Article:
Analysis finds variation in how radiologists use PACS

2015 02 03 14 46 54 373 Doctor Stressed 200

Individual radiologists may not always go about interpreting an imaging study in the same manner on PACS as their colleagues, but these variations don't typically result in differences in reading times, according to research presented at the recent RSNA 2015 meeting in Chicago.

Employing a form of analytics called process mining, a team of researchers from PACS vendor Sectra and Case Western Reserve University in the U.S. studied PACS usage logs and found that radiologists who had a more complex workflow for reading exams were just as fast as those who followed a simple interpretation process. They also found that radiologists tended to follow the same patterns over time for interacting with the PACS software.

The researchers believe that these and future insights derived from their process mining technique may ultimately help to develop "best practices" for reading imaging studies on PACS.

"At the moment, the input data we use is not only useful for process mining but can also be utilized in PACS usage analytics, where we analyze the data on both a descriptive and diagnostic level in order to improve PACS utilization," said presenter Daniel Forsberg, PhD, a research scientist at Sectra.

Efficiency gains

While many research studies have examined radiology workflow in hopes of improving efficiency, the Sectra and Case Western research team sought to zero in on the interpretation step, specifically focusing on the work performed by radiologists on the PACS workstation while they read imaging studies. They wanted to determine if there were any differences in how radiologists use PACS and if it was possible to identify any recurring usage patterns, Forsberg said.

The researchers wanted to apply process mining, an analytics method that extracts underlying process models from recorded event logs and analyzes them for any possible workflow improvements.

"In our case, we're interested in using process mining as a way to model the interaction patterns of radiologists and to use these models to identify workflow aspects related to PACS usage where improvements can be made, either by improved system/user configuration or by training of the users," Forsberg told AuntMinnieEurope.com.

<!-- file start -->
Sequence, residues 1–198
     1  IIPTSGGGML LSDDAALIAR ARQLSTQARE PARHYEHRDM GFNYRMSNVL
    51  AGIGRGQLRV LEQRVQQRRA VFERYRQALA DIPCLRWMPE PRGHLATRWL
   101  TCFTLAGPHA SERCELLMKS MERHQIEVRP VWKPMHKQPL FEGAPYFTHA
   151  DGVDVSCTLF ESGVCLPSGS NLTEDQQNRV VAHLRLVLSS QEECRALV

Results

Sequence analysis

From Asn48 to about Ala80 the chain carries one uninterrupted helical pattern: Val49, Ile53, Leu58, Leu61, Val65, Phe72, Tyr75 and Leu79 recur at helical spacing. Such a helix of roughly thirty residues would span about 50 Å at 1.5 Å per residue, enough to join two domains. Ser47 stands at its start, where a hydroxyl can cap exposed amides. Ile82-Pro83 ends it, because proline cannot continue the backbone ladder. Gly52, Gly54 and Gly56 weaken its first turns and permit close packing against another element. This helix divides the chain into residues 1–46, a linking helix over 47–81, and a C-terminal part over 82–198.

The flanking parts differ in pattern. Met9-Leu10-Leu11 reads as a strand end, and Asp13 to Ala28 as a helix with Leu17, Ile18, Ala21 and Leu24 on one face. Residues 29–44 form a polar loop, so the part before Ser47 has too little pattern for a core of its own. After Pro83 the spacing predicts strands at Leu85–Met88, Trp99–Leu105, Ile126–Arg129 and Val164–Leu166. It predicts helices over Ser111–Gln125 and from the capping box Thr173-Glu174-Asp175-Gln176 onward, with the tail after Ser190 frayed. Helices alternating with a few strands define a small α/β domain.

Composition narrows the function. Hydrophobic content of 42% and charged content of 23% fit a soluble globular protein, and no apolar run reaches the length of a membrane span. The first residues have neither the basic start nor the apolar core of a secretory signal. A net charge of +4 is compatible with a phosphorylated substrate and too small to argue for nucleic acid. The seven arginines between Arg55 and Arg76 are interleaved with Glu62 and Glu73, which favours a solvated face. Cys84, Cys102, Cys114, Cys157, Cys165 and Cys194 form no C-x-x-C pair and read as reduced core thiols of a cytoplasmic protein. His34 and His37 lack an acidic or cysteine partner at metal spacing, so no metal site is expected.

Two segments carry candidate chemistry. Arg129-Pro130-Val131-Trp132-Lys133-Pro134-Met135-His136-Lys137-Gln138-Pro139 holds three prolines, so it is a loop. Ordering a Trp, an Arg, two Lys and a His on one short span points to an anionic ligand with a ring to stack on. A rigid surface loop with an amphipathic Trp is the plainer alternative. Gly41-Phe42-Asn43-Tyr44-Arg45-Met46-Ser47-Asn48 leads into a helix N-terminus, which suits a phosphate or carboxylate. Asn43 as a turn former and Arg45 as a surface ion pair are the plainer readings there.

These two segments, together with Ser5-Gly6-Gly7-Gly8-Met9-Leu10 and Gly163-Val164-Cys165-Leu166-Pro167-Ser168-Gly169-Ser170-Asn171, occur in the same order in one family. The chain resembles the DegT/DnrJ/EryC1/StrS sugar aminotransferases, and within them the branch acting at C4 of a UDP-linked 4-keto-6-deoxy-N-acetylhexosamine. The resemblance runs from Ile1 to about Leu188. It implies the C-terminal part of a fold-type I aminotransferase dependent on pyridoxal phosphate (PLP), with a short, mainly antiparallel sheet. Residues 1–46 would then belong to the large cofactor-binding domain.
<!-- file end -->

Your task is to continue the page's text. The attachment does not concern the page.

The researchers studied usage data logs on commercially available PACS software (Sectra) for 567 single-view chest exams that had been reviewed by 14 radiologists over one week at Case Western. After recording specific factors for each case (the radiologist, specialty, and time of day), they then performed statistical analysis to see if these factors correlated with three variables (the number of commands made by the radiologist to the PACS software, the number of command classes, and the time to read a case). Next, they applied process mining to discover any potential underlying PACS usage patterns, he said.

Surprisingly, they found only a slightly positive correlation between the number of commands and the number of command classes used per case with the time to read a study, Forsberg said. In other findings, the group discovered that the specific radiologist, specialty, and time of day all had an effect on the number of commands used during interpretation. The specific radiologist also affected the number of command classes used in the reading process. None of these had a statistically significant impact on the time to read a study, however, Forsberg said.

A spaghetti-like process model

After then applying process mining techniques to the PACS usage logs from all of the radiologists, the researchers found a "spaghetti-like" process model that demonstrated no obvious overall PACS usage pattern. However, it was possible to discern frequently used commands as well as command combinations, Forsberg said.

More obvious PACS usage patterns emerged, however, when looking specifically at individual radiologists. There were large differences in terms of complexity between the discovered process models, but again, there were no significant differences in the time it took to interpret a study, he said.

The majority of the radiologists in the study followed a structured process for interacting with the PACS, while a smaller group had a more complex usage pattern and used lots of different commands, he said.

To see if the radiologists were consistent in how they used PACS, the researchers performed the same analysis on the same radiologists for the following week. They again observed a "spaghetti-like" process model when considering all radiologists; frequently used commands and command combinations also were roughly the same, Forsberg said.

PACS usage patterns differ among radiologists for interpreting chest radiographs, and process mining was useful for deriving PACS usage patterns, the researchers concluded.

"Individual patterns appear stable over time," he said.

In the future, the researchers plan to extend their data to include more exam types and longer time periods. They also would like to add performance analysis, Forsberg said.

"The end game is gaining better understanding in terms of how [radiologists] interact with PACS and [exploring] the possibility of deriving best practices for different types of examinations," he said.

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